We have recently published our 2012 Public Mergers & Acquisitions Report which is now available for distribution. The Report examines the 83 public takeovers and schemes involving ASX listed companies announced in the 2012 financial year.

The Report points to FY2012 being a period of relative stability in Australia’s M&A market despite global turbulence, with a notable decline in deal volume being offset by strong deal value. While success rates improved to a four year high of 81%, the developing lack of competitive auctions is a potential concern for target shareholders.

The Public M&A Report was the first study undertaken by an Australian-based law firm to examine the trends and structure of Australian public M&A. Now drawing on five years of statistics and analysis, the Report gives readers a real insight into how market conditions have evolved during the past five years and the future outlook for local M&A.

The Report’s key findings included the following:

  • The value of deals announced in FY2012 was A$63 billion, which was a decrease of A$16 billion in funds committed by bidders during FY2011.
  • Deals were announced in ‘bursts’, reflecting the extremely volatile nature of Australian and global markets in recent times, but also suggesting that bidders are looking to announce transactions during specific ‘windows of opportunity’, when market conditions offer bidding companies better prospects.
  • Chinese bidders are becoming far more adept at successfully executing Australian public M&A, with success rates for Chinese bidders reaching 83% in FY2012 (as opposed to 57% last year).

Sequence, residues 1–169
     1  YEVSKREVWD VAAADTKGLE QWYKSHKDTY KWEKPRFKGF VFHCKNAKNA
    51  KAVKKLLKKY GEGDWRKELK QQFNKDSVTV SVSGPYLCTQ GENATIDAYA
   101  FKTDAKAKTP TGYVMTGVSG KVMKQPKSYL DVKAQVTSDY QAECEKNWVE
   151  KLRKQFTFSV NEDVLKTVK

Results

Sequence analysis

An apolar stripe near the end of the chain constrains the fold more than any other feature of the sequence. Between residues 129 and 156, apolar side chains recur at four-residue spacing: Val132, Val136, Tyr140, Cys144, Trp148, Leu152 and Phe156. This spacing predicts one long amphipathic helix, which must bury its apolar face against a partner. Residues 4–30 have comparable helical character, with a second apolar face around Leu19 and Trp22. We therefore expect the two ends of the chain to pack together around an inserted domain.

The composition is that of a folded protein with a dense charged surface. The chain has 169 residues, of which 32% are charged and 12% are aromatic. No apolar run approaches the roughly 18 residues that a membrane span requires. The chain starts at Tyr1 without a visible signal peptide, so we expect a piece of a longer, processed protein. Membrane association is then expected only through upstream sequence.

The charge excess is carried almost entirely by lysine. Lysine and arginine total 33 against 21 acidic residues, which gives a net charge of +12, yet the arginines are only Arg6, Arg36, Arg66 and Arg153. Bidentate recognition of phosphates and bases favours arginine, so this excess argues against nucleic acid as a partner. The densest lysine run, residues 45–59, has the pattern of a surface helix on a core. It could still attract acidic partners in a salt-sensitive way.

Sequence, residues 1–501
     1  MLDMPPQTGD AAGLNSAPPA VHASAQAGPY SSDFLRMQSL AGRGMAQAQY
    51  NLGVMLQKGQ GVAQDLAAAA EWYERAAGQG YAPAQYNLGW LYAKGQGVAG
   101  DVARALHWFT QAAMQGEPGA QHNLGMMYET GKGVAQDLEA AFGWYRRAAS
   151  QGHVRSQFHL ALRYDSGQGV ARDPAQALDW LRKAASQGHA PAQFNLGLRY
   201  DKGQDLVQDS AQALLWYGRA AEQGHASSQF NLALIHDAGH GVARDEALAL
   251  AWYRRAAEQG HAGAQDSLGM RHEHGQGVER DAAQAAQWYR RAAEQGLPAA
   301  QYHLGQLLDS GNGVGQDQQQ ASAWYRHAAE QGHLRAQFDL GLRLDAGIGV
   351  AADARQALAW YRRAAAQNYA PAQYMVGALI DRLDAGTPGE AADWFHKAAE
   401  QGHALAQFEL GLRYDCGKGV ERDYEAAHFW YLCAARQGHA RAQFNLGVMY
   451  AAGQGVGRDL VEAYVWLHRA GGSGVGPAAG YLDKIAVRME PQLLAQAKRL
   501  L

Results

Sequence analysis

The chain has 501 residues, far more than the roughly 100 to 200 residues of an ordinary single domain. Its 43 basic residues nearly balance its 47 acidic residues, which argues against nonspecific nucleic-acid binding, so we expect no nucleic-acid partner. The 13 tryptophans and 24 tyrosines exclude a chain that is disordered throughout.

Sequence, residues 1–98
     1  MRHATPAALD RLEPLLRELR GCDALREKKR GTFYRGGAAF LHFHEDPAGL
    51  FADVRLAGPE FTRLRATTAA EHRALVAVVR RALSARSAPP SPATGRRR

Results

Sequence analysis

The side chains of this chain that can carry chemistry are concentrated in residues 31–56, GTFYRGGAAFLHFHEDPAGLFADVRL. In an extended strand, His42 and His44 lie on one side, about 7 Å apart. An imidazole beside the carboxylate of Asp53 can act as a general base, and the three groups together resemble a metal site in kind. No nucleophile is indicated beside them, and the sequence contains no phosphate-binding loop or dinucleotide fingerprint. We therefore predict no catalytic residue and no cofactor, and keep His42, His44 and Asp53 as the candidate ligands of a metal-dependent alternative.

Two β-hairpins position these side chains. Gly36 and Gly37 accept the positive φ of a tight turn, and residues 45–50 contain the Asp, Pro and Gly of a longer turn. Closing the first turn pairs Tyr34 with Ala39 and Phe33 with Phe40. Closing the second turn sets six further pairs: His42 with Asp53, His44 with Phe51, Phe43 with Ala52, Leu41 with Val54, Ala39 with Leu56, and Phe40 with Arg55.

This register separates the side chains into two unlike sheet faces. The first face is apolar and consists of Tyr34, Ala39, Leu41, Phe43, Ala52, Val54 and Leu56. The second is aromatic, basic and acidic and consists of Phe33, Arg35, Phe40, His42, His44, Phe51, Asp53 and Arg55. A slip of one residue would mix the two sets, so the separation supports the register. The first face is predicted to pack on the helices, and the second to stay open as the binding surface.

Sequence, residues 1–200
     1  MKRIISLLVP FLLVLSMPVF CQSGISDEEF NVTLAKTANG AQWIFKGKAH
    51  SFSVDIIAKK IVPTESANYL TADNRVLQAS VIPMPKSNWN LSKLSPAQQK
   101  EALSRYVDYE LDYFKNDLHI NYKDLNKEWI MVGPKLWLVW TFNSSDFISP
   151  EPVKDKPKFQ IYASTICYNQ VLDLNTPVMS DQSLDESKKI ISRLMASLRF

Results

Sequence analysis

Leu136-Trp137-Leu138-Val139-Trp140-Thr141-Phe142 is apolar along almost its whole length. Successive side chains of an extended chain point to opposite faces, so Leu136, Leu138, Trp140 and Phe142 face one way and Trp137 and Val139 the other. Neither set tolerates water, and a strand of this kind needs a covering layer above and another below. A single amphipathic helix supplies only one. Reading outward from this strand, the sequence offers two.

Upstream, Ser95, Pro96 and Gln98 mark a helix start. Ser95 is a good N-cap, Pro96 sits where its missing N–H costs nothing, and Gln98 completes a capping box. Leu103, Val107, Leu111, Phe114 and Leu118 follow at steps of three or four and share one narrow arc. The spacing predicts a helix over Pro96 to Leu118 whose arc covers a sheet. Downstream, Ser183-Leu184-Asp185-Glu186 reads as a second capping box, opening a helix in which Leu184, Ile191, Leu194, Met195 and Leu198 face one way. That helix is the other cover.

• A number of relatively high-profile transactions were the subject of significant delays (and in some cases brought to an unhappy end) due to lengthy deliberations by offshore regulatory bodies in relation to necessary conditions.
  • M&A activity in the energy and resources sectors continues to be a strong component of overall Australian activity – but there are now heartening signs for the broader economy that Australia is no longer as dependent on energy and resources as it was during the GFC.
  • Ongoing consolidation in the coal sector has accounted for 10% of the number of total deals in FY2012 and a total of A$20 billion (or one third) of overall deal value.
  • Cash consideration continues to be prevalent – in those cash deals, 49% were either partly or fully funded by debt, an encouraging finding given the levels of global uncertainty regarding perceived availability of debt.
  • Private equity activity in public M&A stepped up for the fourth year running, with a dramatic increase in certain sectors including industrials, utilities and materials, a trend that is expected to continue.